AT&T on Wednesday announced it is launching Wi-Fi calling for Android.
The service – which allows users to make and receive calls and text over Wi-Fi – will initially be available on just the LG G4, but will “soon” become available on other Android devices, AT&T said.
AT&T said billing for Wi-Fi calls is based on the number you’re contacting. Calls over Wi-Fi from a U.S. number to another U.S. number will be free of charge, even if the user is overseas, AT&T said. AT&T’s Wi-Fi calling can be used across the U.S., Puerto Rico and U.S. Virgin Islands, as well as “most” international countries, the carrier said.
Text messages sent over Wi-Fi count against a customer’s rate plan the same as regular text messages, AT&T said.
Wi-Fi calling was first offered by AT&T last year, but until now was only available on compatible iPhones running iOS 9. Wi-Fi calling-enabled iPhones include the iPhone 6, 6 Plus, 6s, 6s Plus and SE. The service is available to AT&T postpaid customers only.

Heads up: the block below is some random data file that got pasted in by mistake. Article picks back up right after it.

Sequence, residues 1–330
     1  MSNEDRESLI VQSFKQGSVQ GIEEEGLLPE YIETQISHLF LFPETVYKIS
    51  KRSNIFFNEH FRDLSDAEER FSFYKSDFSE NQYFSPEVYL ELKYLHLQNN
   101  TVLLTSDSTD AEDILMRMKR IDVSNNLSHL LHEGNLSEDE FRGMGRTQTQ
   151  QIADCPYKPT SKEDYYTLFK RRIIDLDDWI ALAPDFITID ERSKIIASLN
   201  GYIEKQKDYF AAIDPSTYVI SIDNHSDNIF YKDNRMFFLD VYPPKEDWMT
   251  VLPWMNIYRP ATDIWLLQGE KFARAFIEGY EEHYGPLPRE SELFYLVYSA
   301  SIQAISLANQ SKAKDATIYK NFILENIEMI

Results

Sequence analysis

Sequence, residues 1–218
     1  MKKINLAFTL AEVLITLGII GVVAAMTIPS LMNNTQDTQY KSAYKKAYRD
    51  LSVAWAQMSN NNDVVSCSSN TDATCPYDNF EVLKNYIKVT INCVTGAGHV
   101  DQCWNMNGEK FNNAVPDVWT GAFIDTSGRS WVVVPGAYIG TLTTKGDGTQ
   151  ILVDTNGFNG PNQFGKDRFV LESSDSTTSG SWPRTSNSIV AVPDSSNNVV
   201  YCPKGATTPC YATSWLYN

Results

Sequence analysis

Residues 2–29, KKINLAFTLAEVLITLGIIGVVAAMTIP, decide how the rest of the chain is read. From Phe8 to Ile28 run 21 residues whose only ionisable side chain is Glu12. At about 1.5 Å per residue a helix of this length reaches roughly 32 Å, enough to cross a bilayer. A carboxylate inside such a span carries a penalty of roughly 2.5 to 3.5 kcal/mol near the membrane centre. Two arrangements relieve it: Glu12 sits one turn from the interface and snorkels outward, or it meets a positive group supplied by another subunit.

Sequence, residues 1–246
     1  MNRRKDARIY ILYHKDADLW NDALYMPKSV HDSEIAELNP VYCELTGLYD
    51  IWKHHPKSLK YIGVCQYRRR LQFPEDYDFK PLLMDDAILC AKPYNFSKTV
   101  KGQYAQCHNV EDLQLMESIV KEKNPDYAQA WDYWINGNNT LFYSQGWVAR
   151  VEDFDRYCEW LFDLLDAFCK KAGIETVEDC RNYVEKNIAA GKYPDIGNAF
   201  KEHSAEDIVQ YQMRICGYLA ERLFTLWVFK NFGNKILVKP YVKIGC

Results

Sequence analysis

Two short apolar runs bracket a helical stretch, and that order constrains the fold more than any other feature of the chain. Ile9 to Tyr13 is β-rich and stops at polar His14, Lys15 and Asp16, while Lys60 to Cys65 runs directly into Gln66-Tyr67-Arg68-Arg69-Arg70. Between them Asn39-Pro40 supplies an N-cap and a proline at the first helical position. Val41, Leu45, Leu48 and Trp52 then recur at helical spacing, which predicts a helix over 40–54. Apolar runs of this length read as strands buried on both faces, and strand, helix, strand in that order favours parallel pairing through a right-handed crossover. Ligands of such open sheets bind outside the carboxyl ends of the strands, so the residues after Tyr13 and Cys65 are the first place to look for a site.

AT&T’s roll out of Wi-Fi calling has lagged significantly behind that of competitors like T-Mobile and Sprint, partially because the carrier delayed its roll out of the service to wait for an FCC waiver for text telephony (TTY) requirements. That approval came in October of last year.
T-Mobile and Sprint did not file for an FCC waiver before launching their Wi-Fi calling services in June 2007 and early 2014, respectively. Sprint, which initially offered Wi-Fi calling on Android devices, opened the service for iOS in April 2015.
Like AT&T, rival Verizon also waited for a TTY waiver from the FCC before rolling out Wi-Fi calling for Android devices in December 2015. Verizon expanded its Wi-Fi calling service to include the iPhone 6 and all newer models running iOS 9.3 in March of this year.